A baseball mystery

Inevitably, scouting directors and personnel throughout the game reflect upon Friedl's story and ask themselves, "How the heck did this happen?" Amid the second-guessing and finger-pointing, teams are conducting CSI-caliber autopsies to determine how everybody whiffed.

Were the scouts entrusted with covering Northern California negligent in failing to put Friedl on their radar?

"Being an area scout is so very difficult and this situation is their worst nightmare," said an American League personnel man. "I'm sure every scout in that area is trying to retrace their steps seeing Nevada and how they could miss him."

Were the numbers crunchers at fault? How can anyone bat .401 as a redshirt sophomore and go undrafted?

"I think most analytics departments take a broader look at performance history, and his freshman and summer numbers weren't very good before this year," said a National League evaluator. In addition, Nevada plays in an offensive league, so teams had reason to suspect that Friedl's numbers were artificially inflated.

Bruce, Nevada's coach, is understandably sensitive to the perception that he played coy with the biographical information and tried to "hide" Friedl and bring him back to Reno for another season. The Nevada baseball website appears to debunk that notion. It clearly states that Friedl played for the Wolf Pack as a freshman and redshirted as a sophomore before returning for the 2016 season.

"If somebody says I was hiding him, I wouldn't have vouched for him to go to Team USA baseball," Bruce said. "I'm trying to exhaust every avenue on my end, because I don't want anybody to take blame for this. I've texted my friends in the industry and said, 'I apologize if I did anything.' I just think there was a lot of confusion on a lot of people's parts -- especially with that redshirt."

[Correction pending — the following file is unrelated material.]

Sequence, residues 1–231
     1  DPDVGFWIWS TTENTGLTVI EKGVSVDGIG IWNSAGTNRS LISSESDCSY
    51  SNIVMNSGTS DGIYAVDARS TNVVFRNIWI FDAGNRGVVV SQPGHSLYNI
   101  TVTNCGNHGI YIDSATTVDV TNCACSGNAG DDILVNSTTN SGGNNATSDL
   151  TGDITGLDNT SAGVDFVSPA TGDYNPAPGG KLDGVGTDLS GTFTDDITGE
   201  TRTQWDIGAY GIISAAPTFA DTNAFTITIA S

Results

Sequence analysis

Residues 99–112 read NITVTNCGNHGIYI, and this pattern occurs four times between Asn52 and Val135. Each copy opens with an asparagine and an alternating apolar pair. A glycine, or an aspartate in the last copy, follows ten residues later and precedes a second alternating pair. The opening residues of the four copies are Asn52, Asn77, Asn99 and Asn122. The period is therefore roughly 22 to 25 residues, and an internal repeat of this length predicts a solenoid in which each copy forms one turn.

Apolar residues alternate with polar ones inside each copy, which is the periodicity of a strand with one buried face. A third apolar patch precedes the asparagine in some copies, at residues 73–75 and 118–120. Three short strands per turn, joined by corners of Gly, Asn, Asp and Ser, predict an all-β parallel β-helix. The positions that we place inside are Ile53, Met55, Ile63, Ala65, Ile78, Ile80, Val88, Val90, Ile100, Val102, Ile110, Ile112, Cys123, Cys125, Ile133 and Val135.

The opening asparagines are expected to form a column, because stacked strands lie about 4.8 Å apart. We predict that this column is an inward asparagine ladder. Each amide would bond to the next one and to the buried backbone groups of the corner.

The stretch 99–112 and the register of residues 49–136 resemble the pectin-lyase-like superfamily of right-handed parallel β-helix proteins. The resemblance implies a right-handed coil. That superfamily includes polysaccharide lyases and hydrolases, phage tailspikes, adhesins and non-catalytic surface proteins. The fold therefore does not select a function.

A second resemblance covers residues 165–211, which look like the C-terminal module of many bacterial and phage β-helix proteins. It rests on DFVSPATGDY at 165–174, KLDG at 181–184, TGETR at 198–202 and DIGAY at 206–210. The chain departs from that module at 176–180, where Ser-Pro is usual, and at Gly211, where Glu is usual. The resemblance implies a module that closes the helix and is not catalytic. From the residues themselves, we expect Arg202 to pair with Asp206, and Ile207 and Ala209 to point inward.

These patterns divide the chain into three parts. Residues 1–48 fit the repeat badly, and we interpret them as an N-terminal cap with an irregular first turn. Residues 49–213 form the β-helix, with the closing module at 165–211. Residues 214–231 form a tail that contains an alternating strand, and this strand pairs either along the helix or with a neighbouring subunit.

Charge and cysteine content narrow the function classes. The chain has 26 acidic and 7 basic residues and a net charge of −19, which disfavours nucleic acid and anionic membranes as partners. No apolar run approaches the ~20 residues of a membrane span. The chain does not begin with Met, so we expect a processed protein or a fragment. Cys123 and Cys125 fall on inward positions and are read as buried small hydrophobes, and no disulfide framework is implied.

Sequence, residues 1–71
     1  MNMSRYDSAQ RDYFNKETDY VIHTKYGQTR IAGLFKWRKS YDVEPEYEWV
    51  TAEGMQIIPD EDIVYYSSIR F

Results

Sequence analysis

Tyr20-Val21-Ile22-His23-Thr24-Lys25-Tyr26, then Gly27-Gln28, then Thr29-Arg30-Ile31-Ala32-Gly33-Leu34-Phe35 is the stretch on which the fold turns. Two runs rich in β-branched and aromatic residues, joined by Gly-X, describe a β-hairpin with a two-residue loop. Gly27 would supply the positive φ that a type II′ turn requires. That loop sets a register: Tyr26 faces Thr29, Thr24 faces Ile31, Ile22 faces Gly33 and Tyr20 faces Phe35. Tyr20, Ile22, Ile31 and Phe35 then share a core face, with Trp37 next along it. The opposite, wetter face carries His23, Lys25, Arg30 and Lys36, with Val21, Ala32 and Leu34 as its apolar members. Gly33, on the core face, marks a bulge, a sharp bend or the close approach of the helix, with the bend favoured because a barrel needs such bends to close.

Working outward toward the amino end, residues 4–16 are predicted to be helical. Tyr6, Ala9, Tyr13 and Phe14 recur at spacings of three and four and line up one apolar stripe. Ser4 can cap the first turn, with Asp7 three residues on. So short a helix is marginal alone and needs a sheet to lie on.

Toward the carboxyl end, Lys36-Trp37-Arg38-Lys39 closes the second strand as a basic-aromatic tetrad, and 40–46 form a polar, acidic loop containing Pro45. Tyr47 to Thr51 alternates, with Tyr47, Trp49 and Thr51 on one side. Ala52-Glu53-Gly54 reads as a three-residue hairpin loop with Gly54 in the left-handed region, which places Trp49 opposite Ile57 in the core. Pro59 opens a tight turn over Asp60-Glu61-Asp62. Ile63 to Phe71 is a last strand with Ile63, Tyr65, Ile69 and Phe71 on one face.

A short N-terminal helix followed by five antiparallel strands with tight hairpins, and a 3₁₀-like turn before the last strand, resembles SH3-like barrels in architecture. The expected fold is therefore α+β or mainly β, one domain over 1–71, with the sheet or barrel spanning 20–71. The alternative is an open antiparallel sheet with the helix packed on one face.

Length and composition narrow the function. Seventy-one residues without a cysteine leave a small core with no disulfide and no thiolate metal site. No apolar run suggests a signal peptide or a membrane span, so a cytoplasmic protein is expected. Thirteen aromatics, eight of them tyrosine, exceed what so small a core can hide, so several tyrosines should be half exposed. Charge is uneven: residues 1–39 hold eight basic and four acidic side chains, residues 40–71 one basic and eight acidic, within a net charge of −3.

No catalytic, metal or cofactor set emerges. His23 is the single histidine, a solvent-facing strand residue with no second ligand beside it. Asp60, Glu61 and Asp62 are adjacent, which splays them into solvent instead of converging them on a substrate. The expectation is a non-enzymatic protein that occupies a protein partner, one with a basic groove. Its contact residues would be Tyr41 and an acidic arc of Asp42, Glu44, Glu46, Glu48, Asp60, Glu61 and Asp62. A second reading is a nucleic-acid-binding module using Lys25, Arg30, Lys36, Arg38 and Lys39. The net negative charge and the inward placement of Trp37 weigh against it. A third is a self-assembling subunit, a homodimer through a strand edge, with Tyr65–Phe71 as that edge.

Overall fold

For Friedl, nothing can obscure a head-spinning odyssey that has left him, his family and his friends in a state of disbelief. During his adventure with Team USA, he spoke several times a week with his mother, who constantly asked him, "Is it reality yet? Has it hit you?"

Late last week, Friedl passed through Nevada to pick up his gear, and he received an invitation from a friend to speak to a group of teenagers at a high school camp. During one point in the conversation, he was asked to share the biggest lesson he has learned.

"I told the kids, 'It doesn't matter if you're the highest-recruited kid out of high school or a walk-on, non-recruited kid,'" Friedl said. "'No matter what, never stop working.'

"That's the biggest lesson I've learned from Coach Bruce: The game always knows. The moment you take the game for granted and think you have everything, that's when it'll be taken from you. But as long as you keep your head down and keep working hard, the game will reward you."

Friedl has found that rewards -- and pleasant surprises -- come in bunches. On Friday, he hopped a flight to Montana and arrived in Billings around noon. He went directly to Dehler Park with his luggage and found his name in the starting lineup for the Mustangs' game against the Ogden Raptors.

Several hours later, Friedl launched the second pitch he saw over the fence. And when his debut was complete, he'd gone 3-for-3 with two home runs. After a lifetime of overachieving and striving to validate his worth, T.J. Friedl has to deal with a new reality: He won't have the luxury of sneaking up anymore.